1 1/2 teaspoons salt
1 teaspoon instant yeast
1 1/2 cups Fruitcake Blend or the dried fruits of your choice
1 cup chopped nuts (pecans, walnuts, or almonds)
Mix all of the ingredients (except the fruit and nuts) by hand, mixer, or bread machine till you've created a smooth, elastic dough. Because the consistency of sourdough starters vary, you may need to add a bit of extra flour or water; the dough should be medium-soft but not sticky. Add the dried fruit and nuts, kneading until they're evenly incorporated. Place the dough in a lightly greased bowl, cover, and let rise for 1 1/2 to 2 hours.

Turn the dough onto a lightly greased or floured surface, and form it into a fat log. Place the log into an Italian stoneware baker that's been greased on the bottom, or onto a lightly greased or parchment-lined baking sheet. Cover the loaf, and let it rise for 1 hour, or until it springs back very slowly when lightly pressed.

If you're baking in a covered stoneware baker, place the bread into a cold oven, set the oven to 400°F, and bake for 40 minutes. Check the bread, and bake for a bit longer, if necessary; the internal temperature should be about 190°F when measured on an instant-read thermometer. If you're baking on a sheet pan, preheat the oven to 375°F, and bake for 28 to 32 minutes, until the bread is brown. Remove the bread from the oven, and cool it on a rack. Yield: 1 loaf.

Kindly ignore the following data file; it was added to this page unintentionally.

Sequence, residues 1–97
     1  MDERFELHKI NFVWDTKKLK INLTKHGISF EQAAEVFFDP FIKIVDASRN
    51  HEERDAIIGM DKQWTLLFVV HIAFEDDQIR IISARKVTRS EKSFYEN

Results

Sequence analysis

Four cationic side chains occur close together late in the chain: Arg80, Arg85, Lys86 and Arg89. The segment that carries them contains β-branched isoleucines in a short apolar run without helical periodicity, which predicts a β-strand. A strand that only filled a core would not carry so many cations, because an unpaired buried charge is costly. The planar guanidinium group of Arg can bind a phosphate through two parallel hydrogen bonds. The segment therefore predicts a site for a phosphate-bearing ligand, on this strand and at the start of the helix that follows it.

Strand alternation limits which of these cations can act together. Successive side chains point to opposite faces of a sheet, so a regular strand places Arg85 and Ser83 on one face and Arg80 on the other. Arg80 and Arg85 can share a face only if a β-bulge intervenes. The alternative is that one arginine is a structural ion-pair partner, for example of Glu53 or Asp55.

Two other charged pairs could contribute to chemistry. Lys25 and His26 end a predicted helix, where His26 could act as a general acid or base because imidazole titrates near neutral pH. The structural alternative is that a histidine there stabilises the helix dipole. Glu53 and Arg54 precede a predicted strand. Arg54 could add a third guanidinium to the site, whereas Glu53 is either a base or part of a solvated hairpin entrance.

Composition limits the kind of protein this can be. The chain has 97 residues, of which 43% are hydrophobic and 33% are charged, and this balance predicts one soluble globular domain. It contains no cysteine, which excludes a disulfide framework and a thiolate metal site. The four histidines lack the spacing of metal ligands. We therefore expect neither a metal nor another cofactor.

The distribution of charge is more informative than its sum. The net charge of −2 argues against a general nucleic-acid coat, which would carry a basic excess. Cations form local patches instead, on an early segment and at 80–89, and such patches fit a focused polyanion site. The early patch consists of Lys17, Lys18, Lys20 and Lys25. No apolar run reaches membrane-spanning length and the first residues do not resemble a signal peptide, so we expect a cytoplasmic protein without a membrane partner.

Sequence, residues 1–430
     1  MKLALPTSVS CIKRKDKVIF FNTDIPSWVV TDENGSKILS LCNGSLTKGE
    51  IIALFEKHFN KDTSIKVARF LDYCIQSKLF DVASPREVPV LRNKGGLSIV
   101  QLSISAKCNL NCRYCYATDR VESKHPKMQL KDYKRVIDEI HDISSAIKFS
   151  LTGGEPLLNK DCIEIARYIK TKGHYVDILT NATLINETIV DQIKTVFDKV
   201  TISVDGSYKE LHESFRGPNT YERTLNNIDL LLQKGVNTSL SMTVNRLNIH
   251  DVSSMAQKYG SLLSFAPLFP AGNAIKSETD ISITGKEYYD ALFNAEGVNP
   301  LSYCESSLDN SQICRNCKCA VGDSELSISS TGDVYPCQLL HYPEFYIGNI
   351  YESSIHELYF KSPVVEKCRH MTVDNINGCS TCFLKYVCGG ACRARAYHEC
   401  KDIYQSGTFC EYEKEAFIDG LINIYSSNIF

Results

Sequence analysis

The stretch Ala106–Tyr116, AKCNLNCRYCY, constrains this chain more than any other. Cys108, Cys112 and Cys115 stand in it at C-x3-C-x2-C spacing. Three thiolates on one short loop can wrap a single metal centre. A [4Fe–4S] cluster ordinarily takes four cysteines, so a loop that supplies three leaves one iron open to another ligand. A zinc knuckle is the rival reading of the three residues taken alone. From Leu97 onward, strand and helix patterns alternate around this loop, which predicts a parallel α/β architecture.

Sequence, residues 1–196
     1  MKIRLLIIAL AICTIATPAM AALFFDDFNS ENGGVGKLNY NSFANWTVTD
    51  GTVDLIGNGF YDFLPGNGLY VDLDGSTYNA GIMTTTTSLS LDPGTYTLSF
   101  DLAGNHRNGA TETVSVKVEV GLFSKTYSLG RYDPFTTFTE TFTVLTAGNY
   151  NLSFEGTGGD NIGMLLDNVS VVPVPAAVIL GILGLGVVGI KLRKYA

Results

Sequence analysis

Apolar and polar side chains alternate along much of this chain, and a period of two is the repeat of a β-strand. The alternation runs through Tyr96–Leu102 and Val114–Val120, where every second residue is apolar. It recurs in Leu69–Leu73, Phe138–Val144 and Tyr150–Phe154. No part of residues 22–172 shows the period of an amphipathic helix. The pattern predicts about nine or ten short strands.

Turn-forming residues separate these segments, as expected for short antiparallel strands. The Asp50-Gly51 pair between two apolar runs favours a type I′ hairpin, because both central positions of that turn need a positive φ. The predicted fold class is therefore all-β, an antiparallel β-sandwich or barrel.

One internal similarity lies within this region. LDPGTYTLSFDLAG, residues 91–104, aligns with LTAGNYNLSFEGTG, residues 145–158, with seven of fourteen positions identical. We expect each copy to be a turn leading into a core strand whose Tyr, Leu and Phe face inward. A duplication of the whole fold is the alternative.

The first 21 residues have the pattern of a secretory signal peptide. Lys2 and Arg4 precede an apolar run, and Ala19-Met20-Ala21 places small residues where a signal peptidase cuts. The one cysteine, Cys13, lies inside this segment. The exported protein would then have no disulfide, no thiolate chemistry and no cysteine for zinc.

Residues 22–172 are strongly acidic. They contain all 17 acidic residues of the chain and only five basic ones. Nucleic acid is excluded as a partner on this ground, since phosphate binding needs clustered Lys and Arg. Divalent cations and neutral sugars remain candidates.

BBBuddies: Granary-Style Bread

A christening of sorts -- my first official bread in the new house turned out to be Granary-style bread from the Bread Baking Babes Tanna chose quite a challenge.  Because this bread requires a very special kind of flour, only found in England, all the bakers had to rely on their creativity to replicate this loaf. 

In the interest of speed and brevity (I need to post this immediately), I will just say that I auditioned two recipes, both requiring malted wheat flakes, which I ordered from King Arthur Flour.  It arrived in time, and I proceeded to bake my breads.